US 3507831 A
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United States Patent US. Cl. 260-47 11 Claims ABSTRACT OF THE DISCLOSURE Polyepoxides are converted to insoluble, infusible products by reacting said polyepoxides with a curing amount of a polycarboxylic anhydride in the presence of a from 0.1 to parts by weight of polyepoxide of a N-alkyl imidazole or N-alkyl benzimidazole.
This application is a continuation of application Ser. No. 517,922, filed Jan. 3, 1966, now abandoned.
This invention relates to a process for curing polyepoxides. More particularly, the invention relates to a new process for curing polyepoxides using a special type of cyclic curing agent, and to the useful products obtained therefrom.
Specifically, the invention provides a new process for curing and resinifying polyepoxides, and preferably glycidyl polyethers of polyhydric phenols or polyhydric alcohols, which comprises mixing and reacting the polyepoxide with certain imidazole or benzimidazole compounds which possess in the heterocyclic ring a tertiary nitrogen atom.
Polyepoxides, such as, for example, those obtained by reacting epichlorohydrin and polyhydric phenols in the presence of caustic, are promising materials for use in many industrial applications as they can be reacted with curing agents to form insoluble infusible products having good chemical resistance. Many conventional polyepoxide-curing agent systems, however, have certain drawbacks that greatly limit the industrial use of the polyepoxides. For example, the known mixtures comprising the polyepoxides and aliphatic amines set up rather rapidly, and this is true even though the mixtures are stored in air tight containers away from moisture and air. This difiiculty necessitates mixing of the components just before use and rapid use of the material before cure sets in. Such a procedure places a considerable burden on the individual operators, and in many cases, gives inferior products because of the inefficient mixing and too rapid operations.
Attempts have been made in the past to solve the above problem by the use of curing agents which are more difficult to react and would thus remain inactive in the polyepoxide composition at lower temperatures. While this action tends to lengthen the pot life or working time of the compositions, it also makes the compositions more diflicult to cure. For example, it is known that the pot life can be extended by the use of aromatic amines, but this in turn requires the use of much higher temperatures to effect the ultimate cure. High cure temperatures are undesirable for many epoxy resin applications, such as filament winding operations, encapsulation and the like. It would be desirable to have a curing agent that would give a long pot life and at the same time be effective as a curing agent at the desired lower reaction temperatures to give products having good physical properties.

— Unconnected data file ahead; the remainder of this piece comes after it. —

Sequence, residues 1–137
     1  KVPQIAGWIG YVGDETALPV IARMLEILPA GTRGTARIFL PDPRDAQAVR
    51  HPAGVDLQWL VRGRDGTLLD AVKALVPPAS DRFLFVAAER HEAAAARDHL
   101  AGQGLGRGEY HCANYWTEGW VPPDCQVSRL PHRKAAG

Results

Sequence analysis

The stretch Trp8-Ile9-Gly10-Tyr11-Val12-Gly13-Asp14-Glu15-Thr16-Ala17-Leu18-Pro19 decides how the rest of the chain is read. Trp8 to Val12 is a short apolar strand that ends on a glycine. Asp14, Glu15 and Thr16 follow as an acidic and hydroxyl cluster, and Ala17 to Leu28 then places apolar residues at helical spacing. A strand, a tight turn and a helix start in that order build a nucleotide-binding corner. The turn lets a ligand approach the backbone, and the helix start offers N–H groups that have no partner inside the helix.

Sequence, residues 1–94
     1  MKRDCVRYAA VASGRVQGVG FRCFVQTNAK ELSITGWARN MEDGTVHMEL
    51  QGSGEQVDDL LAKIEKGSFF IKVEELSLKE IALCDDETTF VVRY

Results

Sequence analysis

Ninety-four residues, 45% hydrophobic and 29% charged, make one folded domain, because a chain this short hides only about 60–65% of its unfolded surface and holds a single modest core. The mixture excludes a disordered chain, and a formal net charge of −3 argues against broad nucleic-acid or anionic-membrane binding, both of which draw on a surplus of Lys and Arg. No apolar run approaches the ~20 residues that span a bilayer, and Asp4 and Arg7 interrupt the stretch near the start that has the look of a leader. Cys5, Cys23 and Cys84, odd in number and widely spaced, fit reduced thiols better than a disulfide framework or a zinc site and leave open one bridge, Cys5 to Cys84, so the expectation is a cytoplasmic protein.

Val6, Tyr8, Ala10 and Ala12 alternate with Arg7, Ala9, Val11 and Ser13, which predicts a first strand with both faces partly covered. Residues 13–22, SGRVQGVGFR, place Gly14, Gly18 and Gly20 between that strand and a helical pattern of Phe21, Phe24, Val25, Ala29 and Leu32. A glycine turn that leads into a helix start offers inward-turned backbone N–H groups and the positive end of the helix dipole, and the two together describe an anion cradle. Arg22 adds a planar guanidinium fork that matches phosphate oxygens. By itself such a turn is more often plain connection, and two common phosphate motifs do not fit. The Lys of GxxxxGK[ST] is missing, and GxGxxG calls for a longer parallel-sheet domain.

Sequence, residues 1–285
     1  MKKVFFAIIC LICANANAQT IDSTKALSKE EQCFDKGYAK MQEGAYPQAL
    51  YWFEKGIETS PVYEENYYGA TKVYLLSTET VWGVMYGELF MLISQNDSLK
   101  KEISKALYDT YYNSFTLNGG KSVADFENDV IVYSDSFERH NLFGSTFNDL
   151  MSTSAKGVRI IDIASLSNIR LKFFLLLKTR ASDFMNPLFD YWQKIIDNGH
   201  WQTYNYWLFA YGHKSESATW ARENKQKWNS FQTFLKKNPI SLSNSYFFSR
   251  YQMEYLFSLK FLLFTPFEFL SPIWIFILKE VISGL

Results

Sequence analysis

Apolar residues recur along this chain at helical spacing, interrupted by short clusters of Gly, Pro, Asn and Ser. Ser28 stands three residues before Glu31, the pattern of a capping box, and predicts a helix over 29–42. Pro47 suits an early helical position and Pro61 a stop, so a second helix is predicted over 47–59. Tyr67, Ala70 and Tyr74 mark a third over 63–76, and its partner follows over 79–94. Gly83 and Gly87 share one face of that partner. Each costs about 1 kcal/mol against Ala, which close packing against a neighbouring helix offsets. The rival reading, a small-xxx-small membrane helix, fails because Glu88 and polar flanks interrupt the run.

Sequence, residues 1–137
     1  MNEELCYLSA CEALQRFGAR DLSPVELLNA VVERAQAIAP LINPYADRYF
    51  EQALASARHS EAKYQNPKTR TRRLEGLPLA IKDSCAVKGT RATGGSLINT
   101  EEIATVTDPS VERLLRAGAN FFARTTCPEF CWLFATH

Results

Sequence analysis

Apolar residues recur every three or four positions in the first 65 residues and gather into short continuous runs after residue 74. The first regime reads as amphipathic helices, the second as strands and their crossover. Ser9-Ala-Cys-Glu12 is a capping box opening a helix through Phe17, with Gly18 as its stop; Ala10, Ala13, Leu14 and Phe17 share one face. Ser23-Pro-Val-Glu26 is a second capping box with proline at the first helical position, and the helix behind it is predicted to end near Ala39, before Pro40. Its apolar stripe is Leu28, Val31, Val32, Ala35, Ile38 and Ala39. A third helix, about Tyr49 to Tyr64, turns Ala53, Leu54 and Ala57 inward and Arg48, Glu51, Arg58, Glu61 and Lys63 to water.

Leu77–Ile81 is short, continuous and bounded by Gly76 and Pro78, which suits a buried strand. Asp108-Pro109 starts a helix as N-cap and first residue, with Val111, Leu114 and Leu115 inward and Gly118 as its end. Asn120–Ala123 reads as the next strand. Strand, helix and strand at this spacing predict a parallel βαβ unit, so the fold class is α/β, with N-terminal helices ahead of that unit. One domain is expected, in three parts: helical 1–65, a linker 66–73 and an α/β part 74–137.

It is an object of the invention, therefore, to provide a 3,5 7,831 Patented Apr. 21, 1970 new class of curing agents for polyepoxides. It is a further object to provide new curing agents for polyepoxides that give compositions having a relatively long pot life, but are highly reactive at moderately elevated temperatures. It is a further object to provide a new process for curing polyepoxides that is particularly adapted for use in filament winding operations, encapsulation and the like. It is a further object to provide a new process for curing polyepoxides to give cured products having good physical properties. It is a further object to provide new compositions which are useful and valuable in preparing coatings, castings and the like. These and other objects of the invention will be apparent from the following detailed description thereof.
It has now been discovered that these and other objects may be accomplished by the use as curing agents for the polyepoxides certain imidazole or benzimidazol compounds which possess in the heterocyclic ring a tertiary nitrogen atom. It has been surprisingly found that polyepoxide compositions containing these curing agents have a relatively good pot life at the lower temperatures. When these materials, however, are heated to moderate temperatures, such as 50 C. and above, the mixtures set up to form the hard cured cross-link product. This advantage is particularly desirable for applications where a long pot life is needed but high curing temperatures are undesirable such as in the formation of pottings for certain electrical apparatus, filament winding operations, coating for foams, coatings for certain military equipment and the like.